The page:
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Big Dance Theater’s animated investigation of Samuel Pepys reads like a refraction of our recent monster parade.
Theresa Rebeck’s furious play looks at what happens when a young architect fights back against colleagues who don’t take her seriously.
The Wales Millennium Center’s take on this dark, dreamy 1982 play, part of BAM’s Next Wave Festival, seems to prize atmospherics over narrative.
Mickey Rowe is thought to be the first openly autistic actor to play Christopher, a 15-year-old with autism, in “The Curious Incident of the Dog in the Night-Time.”
William Nicholson’s biodrama, is directed by Christa Scott-Reed for the Fellowship for Performing Arts.
As a Manhattan therapist, Alison Fraser may seem composed. But when she tells her story, Aaron Mark’s ghoulish monologue earns its title.
David Greenspan’s performance in the 6-hour melodrama is masterful in its clarity and endurance.
David Henry Hwang has reworked his gender-blurring, career-launching Tony-winning play to assure that it feels “resonant with the culture today.”
Diana Oh’s rambunctious show is more a concert with storytelling than a play, but that doesn’t make it any less heartfelt, joyous or necessary
Annette O’Toole plays a mother whose daughter inexplicably falls for a boasting buffoon in this classic George Kelly comedy.
Seeing Sarah Ruhl’s “For Peter Pan” reminds a critic of her own father and why she turns to theater to “confront the hard stuff,” like grieving his death.
Bringing together wrestlers, a food cart, a cellist and a bandstand, Pig Iron Theater Company takes on catastrophe in “A Period of Animate Existence.”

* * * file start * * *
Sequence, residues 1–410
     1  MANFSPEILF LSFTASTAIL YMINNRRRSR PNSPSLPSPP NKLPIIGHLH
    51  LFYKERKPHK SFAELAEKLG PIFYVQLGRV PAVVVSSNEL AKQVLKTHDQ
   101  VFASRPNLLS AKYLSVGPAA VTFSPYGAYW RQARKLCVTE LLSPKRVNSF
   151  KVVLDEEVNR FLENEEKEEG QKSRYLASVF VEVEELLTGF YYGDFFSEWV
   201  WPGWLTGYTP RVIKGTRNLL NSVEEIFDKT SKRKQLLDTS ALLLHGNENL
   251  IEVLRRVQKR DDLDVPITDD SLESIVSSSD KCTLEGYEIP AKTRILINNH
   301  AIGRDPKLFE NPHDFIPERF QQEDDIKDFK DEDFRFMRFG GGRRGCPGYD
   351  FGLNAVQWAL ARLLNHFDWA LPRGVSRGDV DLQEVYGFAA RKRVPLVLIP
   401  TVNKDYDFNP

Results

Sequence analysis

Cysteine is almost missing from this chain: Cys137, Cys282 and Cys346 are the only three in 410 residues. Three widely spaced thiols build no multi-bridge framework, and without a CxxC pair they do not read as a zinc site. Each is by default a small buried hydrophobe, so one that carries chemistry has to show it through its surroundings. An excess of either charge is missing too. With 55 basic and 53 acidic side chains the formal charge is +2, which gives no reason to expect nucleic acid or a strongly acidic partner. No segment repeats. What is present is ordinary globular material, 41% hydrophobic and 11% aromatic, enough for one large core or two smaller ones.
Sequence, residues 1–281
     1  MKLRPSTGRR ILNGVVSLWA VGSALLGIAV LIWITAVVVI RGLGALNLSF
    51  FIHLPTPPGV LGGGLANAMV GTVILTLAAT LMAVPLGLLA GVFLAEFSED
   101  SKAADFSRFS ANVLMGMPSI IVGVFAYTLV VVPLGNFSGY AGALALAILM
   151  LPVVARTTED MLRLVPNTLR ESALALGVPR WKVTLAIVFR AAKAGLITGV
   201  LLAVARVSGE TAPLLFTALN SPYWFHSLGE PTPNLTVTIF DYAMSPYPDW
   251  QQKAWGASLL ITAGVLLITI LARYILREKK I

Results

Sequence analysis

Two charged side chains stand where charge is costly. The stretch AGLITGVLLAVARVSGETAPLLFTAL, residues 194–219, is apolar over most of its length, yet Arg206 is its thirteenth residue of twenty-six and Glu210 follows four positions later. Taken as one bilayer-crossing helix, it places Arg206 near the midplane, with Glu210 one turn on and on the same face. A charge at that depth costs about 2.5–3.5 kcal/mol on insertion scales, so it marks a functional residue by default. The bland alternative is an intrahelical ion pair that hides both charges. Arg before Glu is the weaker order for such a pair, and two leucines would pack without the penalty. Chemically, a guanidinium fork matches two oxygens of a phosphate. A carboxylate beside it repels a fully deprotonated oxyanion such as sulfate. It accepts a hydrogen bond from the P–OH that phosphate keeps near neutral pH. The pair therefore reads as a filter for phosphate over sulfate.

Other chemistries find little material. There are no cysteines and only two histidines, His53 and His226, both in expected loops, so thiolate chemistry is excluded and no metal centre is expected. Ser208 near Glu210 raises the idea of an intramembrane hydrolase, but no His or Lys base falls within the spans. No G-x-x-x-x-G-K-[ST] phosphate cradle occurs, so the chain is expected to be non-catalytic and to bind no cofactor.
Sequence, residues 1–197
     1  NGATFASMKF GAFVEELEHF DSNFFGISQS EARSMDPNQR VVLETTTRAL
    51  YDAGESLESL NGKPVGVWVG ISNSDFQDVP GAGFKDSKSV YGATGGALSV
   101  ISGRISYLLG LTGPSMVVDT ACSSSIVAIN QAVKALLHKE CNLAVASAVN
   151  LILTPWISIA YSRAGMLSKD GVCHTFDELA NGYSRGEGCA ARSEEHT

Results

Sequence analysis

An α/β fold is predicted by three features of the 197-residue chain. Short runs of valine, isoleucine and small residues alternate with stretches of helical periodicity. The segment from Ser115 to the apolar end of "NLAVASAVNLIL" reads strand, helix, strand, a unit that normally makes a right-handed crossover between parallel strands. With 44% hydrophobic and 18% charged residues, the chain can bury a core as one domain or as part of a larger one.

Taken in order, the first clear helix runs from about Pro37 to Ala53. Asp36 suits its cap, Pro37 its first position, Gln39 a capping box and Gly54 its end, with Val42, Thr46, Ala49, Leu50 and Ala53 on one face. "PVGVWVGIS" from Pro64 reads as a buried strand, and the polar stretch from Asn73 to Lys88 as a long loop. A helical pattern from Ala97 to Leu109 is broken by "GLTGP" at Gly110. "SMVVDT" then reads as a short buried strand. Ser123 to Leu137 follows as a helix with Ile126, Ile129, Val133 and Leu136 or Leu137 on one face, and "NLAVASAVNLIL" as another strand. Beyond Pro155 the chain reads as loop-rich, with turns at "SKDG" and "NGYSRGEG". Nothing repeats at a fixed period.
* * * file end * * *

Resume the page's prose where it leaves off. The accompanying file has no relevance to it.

“Macbeth Muet” is a frolic through tragedy with puppetry, while “Makbet” is a darkly gregarious production (shots included).
The National Black Theater production of Liza Jessie Peterson’s monologue explores the personal and societal costs of mass incarceration.
Noni Stapleton wrote and stars in a solo show about an Irishwoman unsettled by life on the farm.
A plantation-set adaptation of “The Cherry Orchard” and a scatological monologue are visceral reminders of theater’s power to unsettle.
Thomas Klingenstein’s new play about an unrequited interracial love is like watching a sepia-tinged tableau.
Medora, N.D., population 132 — except in summer when 100,000 tourists pour into town to see a musical celebration of Old West values.
The playwright is preparing to return to the stage as an actor in “American Buffalo” at the Dorset Theater Festival.
Sarah Ruhl’s play, which she wrote for her mother, is about five adult siblings confronting mortality.
A program of 10 short pieces, set in and around Flushing Meadows-Corona Park, touches on tennis, dragon boats and the 1939 World’s Fair.
At the New York Musical Festival, a love story plays out in a divided Berlin, and women entangled in suburban soccer-mom life become the center of another drama.
James Smith’s solo show, part of Soulpepper’s New York residency, examines his family’s history of disorders with a striking lack of bitterness.
Howard Barker’s BBC teleplay is being professionally staged for the first time, thanks to Potomac Theater Project, which has regularly mounted his work.
Looking after her ailing husband, and the perils of climate change, are inspirations for her new play, “Singing Beach.”
This Wooster Group production, inspired by Tadeusz Kantor and his play “I Shall Never Return,” is an esoteric project that fails to connect with its audience.
Gender inequality remains a problem, but it’s heartening to see playwrights and performers argue for more opportunities.
Actresses play the brother-rivals in a lampoon of “True West” that works better on the page than on the stage.
Mr. Norris’s play, which had its premiere in 2010, is just now arriving in New York with its jaundiced view of human relations.
These writers and performers are using the warmer months to take some risks, test themselves and expand their talents onstage.
Mrs. Malaprop misspeaks outdoors when New York Classical Theater brings a lighthearted comedy of manners to Central Park.